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Consequently, the party is unlikely to lose many councils. True, they may include Wandsworth, which has become a Tory icon following repeated success, since 1978, at beating back a Labour challenge on the back of one of the lowest council taxes in London. Losing it would hurt.

But otherwise, even in London, only one other Tory-held council, Barnet, looks at serious risk given the current polls. Labour should have won there in 2018, but in a borough with a high proportion of Jews the party’s support was eroded by the anti-semitism row that surrounded Jeremy Corbyn. It will only be bad night for the Conservatives if the losses extend further to Westminster or Hillingdon.

Outside London, Tory losses of control could prove just as scarce. Southampton and Newcastle-under-Lyme might fall, while, Monmouth, the one council the party is defending in Wales (where there are elections for all seats on the country’s 22 councils), looks vulnerable. But the final list may not prove much longer than this.

The elections in Scotland, however, might present Mr Johnson with more of a challenge. Here all 1,226 seats on the country’s 32 councils are at stake. The ballot is being held using the single transferable vote system of proportional representation, as a result of which none of the parties currently control a single council.

The last elections were held not, as in England, in 2018 but in 2017, when the Conservatives were riding high in the polls (on the back of which Theresa May had already called the 2017 general election). This was reflected in the Scottish Tories’ best local election performance since 1982.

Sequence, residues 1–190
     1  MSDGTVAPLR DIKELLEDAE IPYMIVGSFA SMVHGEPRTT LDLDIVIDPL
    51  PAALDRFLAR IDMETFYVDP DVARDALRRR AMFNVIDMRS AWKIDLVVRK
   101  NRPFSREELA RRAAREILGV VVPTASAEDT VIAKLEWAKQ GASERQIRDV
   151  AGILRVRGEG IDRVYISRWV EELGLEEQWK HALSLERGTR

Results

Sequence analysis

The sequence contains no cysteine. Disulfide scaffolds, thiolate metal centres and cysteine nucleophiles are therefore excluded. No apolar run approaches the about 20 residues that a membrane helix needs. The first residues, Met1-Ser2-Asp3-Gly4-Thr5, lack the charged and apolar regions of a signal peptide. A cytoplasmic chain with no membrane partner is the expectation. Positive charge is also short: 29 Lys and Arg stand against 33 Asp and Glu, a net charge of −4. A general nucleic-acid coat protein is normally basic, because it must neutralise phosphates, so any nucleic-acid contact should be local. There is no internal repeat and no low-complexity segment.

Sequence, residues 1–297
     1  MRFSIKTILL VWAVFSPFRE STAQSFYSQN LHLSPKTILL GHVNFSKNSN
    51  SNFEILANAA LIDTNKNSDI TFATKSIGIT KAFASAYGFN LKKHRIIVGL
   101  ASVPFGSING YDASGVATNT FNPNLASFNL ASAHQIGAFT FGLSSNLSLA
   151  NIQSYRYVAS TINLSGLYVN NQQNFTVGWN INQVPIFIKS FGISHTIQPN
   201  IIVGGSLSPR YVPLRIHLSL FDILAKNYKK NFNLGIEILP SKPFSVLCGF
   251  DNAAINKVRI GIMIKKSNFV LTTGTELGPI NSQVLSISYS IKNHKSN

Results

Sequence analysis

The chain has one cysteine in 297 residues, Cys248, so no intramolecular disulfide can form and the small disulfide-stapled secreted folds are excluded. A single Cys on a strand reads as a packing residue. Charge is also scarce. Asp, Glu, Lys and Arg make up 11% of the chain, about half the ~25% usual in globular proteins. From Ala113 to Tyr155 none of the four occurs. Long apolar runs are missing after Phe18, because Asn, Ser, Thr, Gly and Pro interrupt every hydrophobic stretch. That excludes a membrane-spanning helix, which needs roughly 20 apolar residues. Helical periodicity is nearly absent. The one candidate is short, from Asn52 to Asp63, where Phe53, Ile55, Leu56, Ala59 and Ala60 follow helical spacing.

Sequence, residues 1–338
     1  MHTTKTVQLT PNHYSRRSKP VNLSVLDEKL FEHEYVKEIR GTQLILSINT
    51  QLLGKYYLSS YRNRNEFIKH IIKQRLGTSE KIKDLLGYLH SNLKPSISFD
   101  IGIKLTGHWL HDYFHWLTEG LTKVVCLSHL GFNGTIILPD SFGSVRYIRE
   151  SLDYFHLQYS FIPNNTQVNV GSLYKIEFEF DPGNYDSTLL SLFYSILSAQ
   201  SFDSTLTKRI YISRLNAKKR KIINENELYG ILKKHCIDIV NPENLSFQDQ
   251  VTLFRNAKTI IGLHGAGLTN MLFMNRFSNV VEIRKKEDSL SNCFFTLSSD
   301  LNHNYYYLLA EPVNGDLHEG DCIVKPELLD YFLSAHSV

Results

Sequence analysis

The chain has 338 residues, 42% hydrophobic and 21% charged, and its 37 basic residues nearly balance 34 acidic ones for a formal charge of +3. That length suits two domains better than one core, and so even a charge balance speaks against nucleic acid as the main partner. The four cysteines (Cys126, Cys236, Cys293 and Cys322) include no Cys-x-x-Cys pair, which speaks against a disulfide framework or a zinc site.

Now the party is having to defend this high-water mark, against the backdrop of a much lower poll rating that has been further eroded by the Prime Minister’s travails at Westminster. Recent polls have consistently suggested that the party has fallen behind Labour in the battle for second place. Such an outcome would represent a notable rebuff for the Prime Minister.

The SNP, in contrast, registered a relatively disappointing result in 2017. It did no more than retain the 32 per cent support it had won in 2012, before the party had swept all before it in the 2015 UK election. Indeed, this seemingly modest performance appeared to presage the substantial loses the party suffered in the general election a few weeks later.

In theory, this gives Ms Sturgeon a good chance of registering an increase in her party’s support and thereby gain some political momentum. The party might gain control of Dundee, lost in 2017, though getting over the line in Glasgow looks more difficult.

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However, the SNP’s average standing in the current polls is only on a par with where it stood five years ago, so an advance is by no means guaranteed.

Both Ms Sturgeon and Mr Johnson, appear to be batting on a favourable wicket on Thursday. Nevertheless, there will still some nail-biting in Bute House and Downing St on Friday.

John Curtice is professor of politics, Strathclyde University, and senior research fellow, ScotCen Social Research